Description: When Clara Endicott and Daniel Tremain's worlds collide after twelve years apart, the spark that was once between them immediately reignites into a romance neither of them thought possible. But time has changed them both. Daniel is an industrial titan with powerful enemies. Clara is an idealistic journalist determined to defend underprivileged workers. Can they withstand the cost of their convictions while their hearts--and lives--hang in the balance?

Can Elizabeth Camden write a bad book? I doubt it. I only have one book of hers left that I haven’t read, and if it is anything like all the others I have read, it will be amazingly good.

This book is probably the weakest of Camden’s books I have read, but is still is better than most fiction. Again, Camden made me fall for characters I normally hate and be enraptured by a story line that I typically wouldn’t like. How does she do it? By delving deeper into the characters than most authors.

For those of you who have read Against the Tide, this gives you a glimpse into the beginnings of Bane and the woman who helped him find the right path. Although he is not the focal point of the story, Bane adds so much.

The setting was wonderful. Camden always manages to weave many historical details seamlessly into her stories. She always makes me feel as if I have been transported back in time. She obviously does her research so well that she doesn’t have to force it into the story. It just comes out naturally.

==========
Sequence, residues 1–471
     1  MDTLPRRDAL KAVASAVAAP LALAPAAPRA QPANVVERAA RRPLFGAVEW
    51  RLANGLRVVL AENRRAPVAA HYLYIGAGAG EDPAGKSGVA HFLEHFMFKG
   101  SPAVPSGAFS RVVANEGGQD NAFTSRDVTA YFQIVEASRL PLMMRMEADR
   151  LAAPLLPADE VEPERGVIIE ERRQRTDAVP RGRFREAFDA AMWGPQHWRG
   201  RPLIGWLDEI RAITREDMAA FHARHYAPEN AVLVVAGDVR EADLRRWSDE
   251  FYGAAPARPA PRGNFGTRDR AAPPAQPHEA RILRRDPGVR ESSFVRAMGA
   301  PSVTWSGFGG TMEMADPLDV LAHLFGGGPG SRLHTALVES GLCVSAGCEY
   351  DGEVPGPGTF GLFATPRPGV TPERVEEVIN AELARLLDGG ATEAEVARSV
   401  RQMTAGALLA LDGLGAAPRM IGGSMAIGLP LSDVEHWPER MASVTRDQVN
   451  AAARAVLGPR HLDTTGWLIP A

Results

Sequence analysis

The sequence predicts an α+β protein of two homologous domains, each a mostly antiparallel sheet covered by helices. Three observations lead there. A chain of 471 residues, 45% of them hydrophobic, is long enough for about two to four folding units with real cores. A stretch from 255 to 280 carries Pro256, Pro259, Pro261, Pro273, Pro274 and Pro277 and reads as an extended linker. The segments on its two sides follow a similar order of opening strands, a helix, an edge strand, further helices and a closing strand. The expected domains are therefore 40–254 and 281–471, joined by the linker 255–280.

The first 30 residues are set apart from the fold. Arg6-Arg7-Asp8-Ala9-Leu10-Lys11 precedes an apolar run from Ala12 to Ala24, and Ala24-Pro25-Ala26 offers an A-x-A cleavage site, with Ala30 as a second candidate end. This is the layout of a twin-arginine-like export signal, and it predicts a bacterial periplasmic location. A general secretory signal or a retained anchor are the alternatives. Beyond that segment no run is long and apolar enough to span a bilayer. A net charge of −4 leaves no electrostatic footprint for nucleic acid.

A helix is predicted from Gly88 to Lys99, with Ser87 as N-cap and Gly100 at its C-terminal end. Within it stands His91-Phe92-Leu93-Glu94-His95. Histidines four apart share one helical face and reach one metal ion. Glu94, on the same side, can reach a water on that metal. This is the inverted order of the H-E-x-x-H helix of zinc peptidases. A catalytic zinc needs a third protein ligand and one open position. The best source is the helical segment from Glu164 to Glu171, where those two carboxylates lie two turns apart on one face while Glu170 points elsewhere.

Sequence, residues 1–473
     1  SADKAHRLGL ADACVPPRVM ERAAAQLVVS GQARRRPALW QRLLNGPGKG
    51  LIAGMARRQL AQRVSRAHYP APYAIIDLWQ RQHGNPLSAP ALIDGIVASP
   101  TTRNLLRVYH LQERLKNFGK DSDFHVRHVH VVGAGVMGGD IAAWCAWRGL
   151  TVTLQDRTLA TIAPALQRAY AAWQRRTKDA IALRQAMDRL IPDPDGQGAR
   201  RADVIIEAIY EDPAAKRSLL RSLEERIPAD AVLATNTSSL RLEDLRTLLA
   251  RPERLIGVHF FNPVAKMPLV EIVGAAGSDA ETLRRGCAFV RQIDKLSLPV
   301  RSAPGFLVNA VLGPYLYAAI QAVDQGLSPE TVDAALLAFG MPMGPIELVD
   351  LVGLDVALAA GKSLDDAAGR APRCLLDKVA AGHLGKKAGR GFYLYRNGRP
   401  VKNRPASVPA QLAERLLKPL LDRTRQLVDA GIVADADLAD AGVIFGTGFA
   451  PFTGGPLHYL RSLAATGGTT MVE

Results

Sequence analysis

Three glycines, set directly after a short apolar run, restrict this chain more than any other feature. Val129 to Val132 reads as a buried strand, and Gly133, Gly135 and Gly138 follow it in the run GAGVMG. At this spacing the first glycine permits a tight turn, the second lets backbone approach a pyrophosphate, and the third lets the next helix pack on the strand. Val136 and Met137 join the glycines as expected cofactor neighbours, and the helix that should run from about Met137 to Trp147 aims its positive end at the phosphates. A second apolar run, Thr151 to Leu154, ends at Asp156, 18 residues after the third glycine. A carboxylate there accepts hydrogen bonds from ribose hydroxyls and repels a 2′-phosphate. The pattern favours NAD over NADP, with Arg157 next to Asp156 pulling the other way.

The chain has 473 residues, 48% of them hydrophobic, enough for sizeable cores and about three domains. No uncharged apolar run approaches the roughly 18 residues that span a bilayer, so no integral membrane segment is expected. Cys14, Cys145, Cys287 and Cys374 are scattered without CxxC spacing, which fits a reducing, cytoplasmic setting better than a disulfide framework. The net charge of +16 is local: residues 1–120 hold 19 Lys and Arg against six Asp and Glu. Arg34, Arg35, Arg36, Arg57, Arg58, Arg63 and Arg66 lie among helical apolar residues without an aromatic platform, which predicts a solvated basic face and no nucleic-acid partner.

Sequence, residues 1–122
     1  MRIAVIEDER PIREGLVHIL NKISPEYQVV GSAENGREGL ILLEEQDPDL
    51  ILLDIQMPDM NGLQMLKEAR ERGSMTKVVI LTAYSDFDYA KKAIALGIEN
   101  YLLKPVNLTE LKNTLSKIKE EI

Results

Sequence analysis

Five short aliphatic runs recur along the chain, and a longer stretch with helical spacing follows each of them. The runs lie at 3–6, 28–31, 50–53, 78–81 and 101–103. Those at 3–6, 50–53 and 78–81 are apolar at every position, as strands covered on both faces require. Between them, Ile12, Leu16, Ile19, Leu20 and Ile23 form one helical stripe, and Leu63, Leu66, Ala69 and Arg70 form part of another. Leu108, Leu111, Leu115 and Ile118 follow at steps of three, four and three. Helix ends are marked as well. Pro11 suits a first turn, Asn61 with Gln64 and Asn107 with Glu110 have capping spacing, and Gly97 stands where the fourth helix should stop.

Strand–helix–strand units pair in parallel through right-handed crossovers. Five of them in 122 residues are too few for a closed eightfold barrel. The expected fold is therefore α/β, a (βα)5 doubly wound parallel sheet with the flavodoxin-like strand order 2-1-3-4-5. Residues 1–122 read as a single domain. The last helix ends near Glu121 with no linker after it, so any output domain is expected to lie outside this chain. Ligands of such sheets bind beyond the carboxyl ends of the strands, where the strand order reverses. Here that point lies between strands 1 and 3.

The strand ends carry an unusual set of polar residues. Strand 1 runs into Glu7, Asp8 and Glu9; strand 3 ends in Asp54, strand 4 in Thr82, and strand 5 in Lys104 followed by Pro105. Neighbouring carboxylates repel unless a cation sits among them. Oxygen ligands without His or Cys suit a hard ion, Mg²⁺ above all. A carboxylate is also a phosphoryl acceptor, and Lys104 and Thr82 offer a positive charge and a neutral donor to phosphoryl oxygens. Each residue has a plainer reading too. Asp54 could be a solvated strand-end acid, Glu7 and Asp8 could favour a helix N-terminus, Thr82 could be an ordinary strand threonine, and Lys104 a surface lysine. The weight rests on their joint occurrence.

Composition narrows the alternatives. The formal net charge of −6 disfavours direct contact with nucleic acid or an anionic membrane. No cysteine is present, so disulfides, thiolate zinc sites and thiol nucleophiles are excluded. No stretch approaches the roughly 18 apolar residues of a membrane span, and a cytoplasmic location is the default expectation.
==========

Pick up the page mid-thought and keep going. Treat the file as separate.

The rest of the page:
Clara was such an endearing character. I love her compassion and willingness to do so much for that compassion. She was brave, yet very much human in her fears. She works so hard to change the world, but sometimes the consequences are hard. Through everything she goes through, her strong faith and compassion shines through. She is the type of woman I want to be.

Daniel was the kind of character I normally hate. He is poisoned with bitterness and his quest for revenge seems to be endless. Yet his love for Clara and his sisters was so touching. His quest to make a better life than the tragic one he endured as a child couldn’t help but tug at my emotions. He was a very flawed hero, but a true hero none the less.

This story kept me turning pages way past the time I should have been asleep. It was gripping and an emotional roller-coaster. The ending was satisfying and just… well, it was just so Camden. She has become my standard for amazing fiction.

If you like realistic fiction, amazingly told stories, and deep characters, I highly recommend The Lady of Bolton Hill.

Other posts you might enjoy: